Today, the USA is losing the war. Not only in hearts and minds, but in real democracy and social welfare for its people. Just look at the many thousands of homeless young people living in tents in Los Angeles and other places in California. Official figures are way over one-hundred thousand just in California alone. Surely, the scenes of degradation one sees on the streets of Los Angeles is shameful for a country as rich as the USA.

It would be a shame for any country.

The lack of a national health care system in the United States is a national disgrace. One wonders how the officials believe that one can run a country without taking care of the health care needs of the people. It boggles the minds of those in most developed countries, such as Europe.

Again, politicians in the US warn Americans to be careful. They could end up being just like those in Europe. This would be funny if it was not so absurd.

Some Americans have started leaving the USA for a better life elsewhere and find that they are better off.

Some go to universities free in Europe, such as in Slovenia, Germany or France. Some young Americans find it easier to live well and pay off their student loans by teaching English and other subjects in China. So much for the so-called evils of communism!

Americans have started to retire abroad because their small social security checks give them a higher standard of living in Mexico and many other countries than they would have in the USA.

Wall Street and the corporate oligarchs in the USA, on the other hand, are mostly happy. Today, that is obviously the top priority.

The US Empire is not yet over, but on the down-side of history. Perhaps that is the bright spot on the horizon.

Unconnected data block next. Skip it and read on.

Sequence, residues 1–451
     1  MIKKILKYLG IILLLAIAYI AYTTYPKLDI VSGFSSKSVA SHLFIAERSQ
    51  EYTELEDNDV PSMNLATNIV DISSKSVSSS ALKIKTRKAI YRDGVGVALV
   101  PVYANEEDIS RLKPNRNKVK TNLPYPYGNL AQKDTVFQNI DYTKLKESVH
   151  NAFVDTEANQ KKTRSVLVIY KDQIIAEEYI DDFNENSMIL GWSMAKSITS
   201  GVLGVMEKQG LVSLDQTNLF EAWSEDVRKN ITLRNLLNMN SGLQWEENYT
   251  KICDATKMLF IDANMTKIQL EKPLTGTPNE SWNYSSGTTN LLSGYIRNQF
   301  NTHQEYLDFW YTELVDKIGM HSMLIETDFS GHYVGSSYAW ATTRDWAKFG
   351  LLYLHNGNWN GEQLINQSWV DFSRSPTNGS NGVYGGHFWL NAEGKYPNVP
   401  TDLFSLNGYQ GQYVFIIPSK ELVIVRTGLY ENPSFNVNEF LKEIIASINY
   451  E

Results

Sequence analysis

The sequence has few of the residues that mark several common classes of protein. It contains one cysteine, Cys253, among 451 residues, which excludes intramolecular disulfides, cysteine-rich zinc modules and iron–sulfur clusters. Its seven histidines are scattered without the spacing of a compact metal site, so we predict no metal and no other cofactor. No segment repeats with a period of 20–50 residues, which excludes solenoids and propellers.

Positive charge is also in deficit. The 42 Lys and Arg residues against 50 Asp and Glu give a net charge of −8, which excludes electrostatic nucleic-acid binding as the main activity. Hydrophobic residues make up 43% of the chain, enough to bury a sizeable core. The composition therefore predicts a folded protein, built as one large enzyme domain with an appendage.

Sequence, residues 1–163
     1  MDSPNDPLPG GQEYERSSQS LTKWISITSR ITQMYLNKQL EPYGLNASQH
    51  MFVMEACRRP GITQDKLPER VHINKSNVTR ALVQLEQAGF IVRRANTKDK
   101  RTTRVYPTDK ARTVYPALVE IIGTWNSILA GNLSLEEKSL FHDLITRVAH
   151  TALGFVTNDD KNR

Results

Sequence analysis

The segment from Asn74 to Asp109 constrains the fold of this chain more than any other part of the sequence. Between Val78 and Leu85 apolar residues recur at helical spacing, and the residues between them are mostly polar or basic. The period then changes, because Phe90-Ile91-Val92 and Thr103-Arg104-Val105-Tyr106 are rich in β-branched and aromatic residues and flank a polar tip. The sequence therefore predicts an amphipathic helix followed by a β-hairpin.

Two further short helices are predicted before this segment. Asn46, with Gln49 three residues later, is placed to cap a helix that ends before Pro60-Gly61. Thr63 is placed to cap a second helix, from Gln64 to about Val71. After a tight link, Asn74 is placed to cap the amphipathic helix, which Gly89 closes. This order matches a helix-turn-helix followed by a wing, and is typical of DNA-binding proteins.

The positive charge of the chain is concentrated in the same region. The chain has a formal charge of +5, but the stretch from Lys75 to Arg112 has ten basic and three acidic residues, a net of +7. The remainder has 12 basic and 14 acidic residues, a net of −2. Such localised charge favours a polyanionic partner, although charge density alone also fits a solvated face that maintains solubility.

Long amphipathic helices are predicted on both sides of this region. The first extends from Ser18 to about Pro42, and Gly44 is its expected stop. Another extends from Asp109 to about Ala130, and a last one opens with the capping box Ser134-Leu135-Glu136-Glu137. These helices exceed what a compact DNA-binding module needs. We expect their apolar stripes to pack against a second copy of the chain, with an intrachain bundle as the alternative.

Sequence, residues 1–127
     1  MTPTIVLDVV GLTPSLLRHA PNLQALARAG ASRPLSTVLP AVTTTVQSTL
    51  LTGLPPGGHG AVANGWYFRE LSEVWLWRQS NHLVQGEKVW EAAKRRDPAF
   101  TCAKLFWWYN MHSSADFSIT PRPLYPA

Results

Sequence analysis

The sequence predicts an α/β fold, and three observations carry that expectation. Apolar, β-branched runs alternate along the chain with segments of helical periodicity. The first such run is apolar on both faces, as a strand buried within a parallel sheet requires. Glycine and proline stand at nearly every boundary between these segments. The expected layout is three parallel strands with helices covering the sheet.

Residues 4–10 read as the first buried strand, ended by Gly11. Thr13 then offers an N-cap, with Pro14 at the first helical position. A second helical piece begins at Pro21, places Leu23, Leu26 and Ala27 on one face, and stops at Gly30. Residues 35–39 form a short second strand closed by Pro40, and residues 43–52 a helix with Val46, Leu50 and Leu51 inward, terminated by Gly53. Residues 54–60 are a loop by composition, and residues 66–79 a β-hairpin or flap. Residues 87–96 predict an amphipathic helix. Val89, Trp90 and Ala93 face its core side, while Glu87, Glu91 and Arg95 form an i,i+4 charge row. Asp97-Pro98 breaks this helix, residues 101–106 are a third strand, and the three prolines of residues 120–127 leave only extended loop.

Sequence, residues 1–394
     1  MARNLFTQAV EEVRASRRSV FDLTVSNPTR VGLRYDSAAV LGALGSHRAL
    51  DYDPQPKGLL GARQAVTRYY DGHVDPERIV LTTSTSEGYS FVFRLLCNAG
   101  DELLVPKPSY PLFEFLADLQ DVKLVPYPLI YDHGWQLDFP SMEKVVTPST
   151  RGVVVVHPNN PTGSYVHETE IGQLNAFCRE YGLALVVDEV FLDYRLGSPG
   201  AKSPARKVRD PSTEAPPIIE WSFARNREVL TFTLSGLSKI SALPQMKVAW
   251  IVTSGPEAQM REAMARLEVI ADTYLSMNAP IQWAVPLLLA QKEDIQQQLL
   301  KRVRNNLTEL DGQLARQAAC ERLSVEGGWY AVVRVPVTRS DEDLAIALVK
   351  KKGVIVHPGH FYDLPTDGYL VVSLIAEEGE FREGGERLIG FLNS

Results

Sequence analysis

How many more imperialist wars will it take to finally bring down the American Global Empire? That is the historical question.

Eddie J. Girdner

June 18, 2019

 

Dodged a Bullet for Now

The US has not started the latest war against Iran yet. But I have no doubt that it will be underway at some point. I wish like hell that I was wrong about that! Give me strength! I hate to see that shit starting again with the same playbook as in Iraq. I wrote a book about it. But empires must be empires till they finally collapse.

Giving Trump Credit (But Not Too Much) on Iran

The Donald made the right call. Now that’s a rare statement. Calling off – or at least delaying – a military strike on Iran was prudent. Nevertheless, there was something deeply unsettling about the whole thing. The system is broken, perhaps irreparably.

The president never even considered seeking congressional approval before playing emperor and unleashing death and destruction on a sovereign nation. Why would he? Essentially every president, since Truman, has done the same thing one time or another. Unilateral executive action has been the American norm pretty much since World War II wrapped up. Seen in this context, Trump isn’t so anomalous as many would like to believe. Korea kicked off the trend. But the Vietnam advisory mission, Lebanon, Grenada, Panama, Somalia, Bosnia, Libya, and Syria – to name the highlights – were all undertaken without the constitutionally mandated consent of the legislature.